If there’s one thing anyone who has ever seen a Star Wars movie (or even heard of one, really) knows, it’s that it’s a classic tale about the rise of Nazi-like fascism under a very powerful, very charred dude who derives his strength from anger and hatred, and (spoiler alert) its eventual overthrow by a cohort of rebels who believe in the power of good.
Apparently, though, this extremely basic fact is news to white supremacists on the internet, who appear to think that Darth Vader is the hero in Star Wars. After noticing that the cast of Rogue One, the upcoming installation of the Star Wars franchise, happens to include quite a few brown folks and women in it, they have been feeling really attacked and have—you guessed it—started calling for a boycott of Star Wars.
This stuff has been going since at least August, when the trailer for the movie came out. As Raw Story reported, a neo-Nazi site called InfoStormer immediately denounced the movie as “another Jew masturbation fantasy of anti-white hatred.”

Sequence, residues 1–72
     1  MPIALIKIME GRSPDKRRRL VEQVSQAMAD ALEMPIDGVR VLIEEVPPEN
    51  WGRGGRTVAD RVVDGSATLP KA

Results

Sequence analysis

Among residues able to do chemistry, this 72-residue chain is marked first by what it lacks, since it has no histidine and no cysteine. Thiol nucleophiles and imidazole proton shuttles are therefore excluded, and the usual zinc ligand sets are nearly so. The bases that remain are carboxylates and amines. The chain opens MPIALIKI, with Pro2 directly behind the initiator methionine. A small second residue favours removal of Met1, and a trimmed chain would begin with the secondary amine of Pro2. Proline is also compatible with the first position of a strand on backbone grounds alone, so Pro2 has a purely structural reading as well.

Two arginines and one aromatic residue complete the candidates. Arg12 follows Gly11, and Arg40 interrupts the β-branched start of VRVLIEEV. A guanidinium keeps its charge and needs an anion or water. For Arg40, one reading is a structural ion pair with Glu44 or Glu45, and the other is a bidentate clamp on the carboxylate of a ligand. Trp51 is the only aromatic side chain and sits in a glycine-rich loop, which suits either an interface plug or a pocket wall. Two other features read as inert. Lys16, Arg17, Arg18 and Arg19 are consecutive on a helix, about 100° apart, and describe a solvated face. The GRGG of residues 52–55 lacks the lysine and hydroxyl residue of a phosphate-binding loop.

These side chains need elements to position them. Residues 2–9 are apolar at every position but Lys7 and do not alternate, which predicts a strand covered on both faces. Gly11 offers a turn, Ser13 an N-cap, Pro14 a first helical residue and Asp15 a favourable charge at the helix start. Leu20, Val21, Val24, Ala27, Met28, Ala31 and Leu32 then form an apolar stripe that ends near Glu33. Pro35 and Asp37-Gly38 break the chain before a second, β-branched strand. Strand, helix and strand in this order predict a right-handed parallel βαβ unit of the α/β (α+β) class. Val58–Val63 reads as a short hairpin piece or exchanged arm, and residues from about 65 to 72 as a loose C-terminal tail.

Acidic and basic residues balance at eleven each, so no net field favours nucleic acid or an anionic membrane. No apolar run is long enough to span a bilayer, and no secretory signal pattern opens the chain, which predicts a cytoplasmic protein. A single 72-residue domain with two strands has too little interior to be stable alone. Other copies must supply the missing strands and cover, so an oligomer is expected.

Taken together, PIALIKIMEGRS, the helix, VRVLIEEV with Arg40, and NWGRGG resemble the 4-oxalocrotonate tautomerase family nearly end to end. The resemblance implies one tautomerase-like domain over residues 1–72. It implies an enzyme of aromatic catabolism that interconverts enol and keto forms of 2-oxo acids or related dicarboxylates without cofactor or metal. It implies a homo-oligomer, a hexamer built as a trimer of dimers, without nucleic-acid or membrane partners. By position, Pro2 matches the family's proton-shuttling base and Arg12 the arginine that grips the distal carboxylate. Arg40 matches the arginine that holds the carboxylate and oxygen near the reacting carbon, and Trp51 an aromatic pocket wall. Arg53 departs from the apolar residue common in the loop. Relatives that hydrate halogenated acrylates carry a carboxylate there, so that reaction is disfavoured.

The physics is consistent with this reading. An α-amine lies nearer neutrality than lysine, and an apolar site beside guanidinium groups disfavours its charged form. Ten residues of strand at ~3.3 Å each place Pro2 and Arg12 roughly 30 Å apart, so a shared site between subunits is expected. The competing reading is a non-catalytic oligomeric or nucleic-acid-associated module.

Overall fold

Then, two days after Donald Trump’s election, Rogue One screenwriter Chris Weitz tweeted, “Please note that the Empire is a white supremacist (human) organization,” to which Gary Whitta, another writer who worked on the script, responded, “Opposed by a multi-cultural group led by brave women.” Weitz deleted his tweet, but tweeted another picture of the Rebel Alliance donning a safety pin, the (for-white-people-by-white-people) symbol of solidarity with those who will be directly affected by Donald Trump’s rhetoric.
His point was pretty clear. But also, the idea that the “Dark Side” was a very thinly veiled metaphor for Nazism has been pretty clear for the last nearly four decades. John Mollo based Darth Vader’s headgear on Nazi helmets. It’s on the fucking Star Wars website! Like, come on.
The funny thing is that this safety pin tweet—the most generic, empty form of performative allyship possible—is what got everyone riled up. Cue the feeble attempts at a boycott! (Because it really worked on Kellogg’s and Hamilton.)
And of course, as most of these things go, there was a #DumpStarWars backlash that quickly outdid the actual hashtag…